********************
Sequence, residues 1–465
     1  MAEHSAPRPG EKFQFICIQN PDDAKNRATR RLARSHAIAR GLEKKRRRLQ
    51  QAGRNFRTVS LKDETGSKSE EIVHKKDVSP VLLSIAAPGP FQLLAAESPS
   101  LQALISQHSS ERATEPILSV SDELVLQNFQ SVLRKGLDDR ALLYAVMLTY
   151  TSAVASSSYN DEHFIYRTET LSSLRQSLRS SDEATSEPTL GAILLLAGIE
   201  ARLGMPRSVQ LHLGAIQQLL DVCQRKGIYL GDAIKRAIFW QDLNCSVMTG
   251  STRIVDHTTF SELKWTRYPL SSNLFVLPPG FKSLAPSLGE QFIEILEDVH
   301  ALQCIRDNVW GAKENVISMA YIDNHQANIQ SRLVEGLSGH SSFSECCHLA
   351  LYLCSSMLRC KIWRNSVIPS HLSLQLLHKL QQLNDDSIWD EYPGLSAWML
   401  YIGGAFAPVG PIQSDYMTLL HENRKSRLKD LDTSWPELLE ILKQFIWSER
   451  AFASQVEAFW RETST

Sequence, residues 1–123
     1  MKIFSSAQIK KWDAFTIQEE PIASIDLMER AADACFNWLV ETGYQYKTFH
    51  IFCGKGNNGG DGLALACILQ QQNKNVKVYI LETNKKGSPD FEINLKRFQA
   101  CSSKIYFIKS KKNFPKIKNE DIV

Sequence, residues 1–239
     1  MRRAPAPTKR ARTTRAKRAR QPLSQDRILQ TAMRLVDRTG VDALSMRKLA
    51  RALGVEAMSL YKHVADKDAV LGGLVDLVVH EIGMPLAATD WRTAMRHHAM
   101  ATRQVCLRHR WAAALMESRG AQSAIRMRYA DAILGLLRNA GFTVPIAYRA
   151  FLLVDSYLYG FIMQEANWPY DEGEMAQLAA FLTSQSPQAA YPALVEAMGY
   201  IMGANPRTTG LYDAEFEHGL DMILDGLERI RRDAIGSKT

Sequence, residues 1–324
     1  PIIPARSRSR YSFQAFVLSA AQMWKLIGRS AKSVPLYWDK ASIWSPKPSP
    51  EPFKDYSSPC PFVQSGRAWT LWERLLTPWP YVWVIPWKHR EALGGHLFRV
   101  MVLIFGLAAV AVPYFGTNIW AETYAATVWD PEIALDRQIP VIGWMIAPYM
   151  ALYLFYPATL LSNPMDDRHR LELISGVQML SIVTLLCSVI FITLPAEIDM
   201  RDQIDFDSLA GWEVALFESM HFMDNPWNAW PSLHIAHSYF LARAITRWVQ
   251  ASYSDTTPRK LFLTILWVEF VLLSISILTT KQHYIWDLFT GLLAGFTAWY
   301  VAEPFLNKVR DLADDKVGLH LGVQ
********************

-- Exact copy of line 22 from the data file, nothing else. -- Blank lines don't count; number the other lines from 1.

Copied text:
Sequence, residues 1–324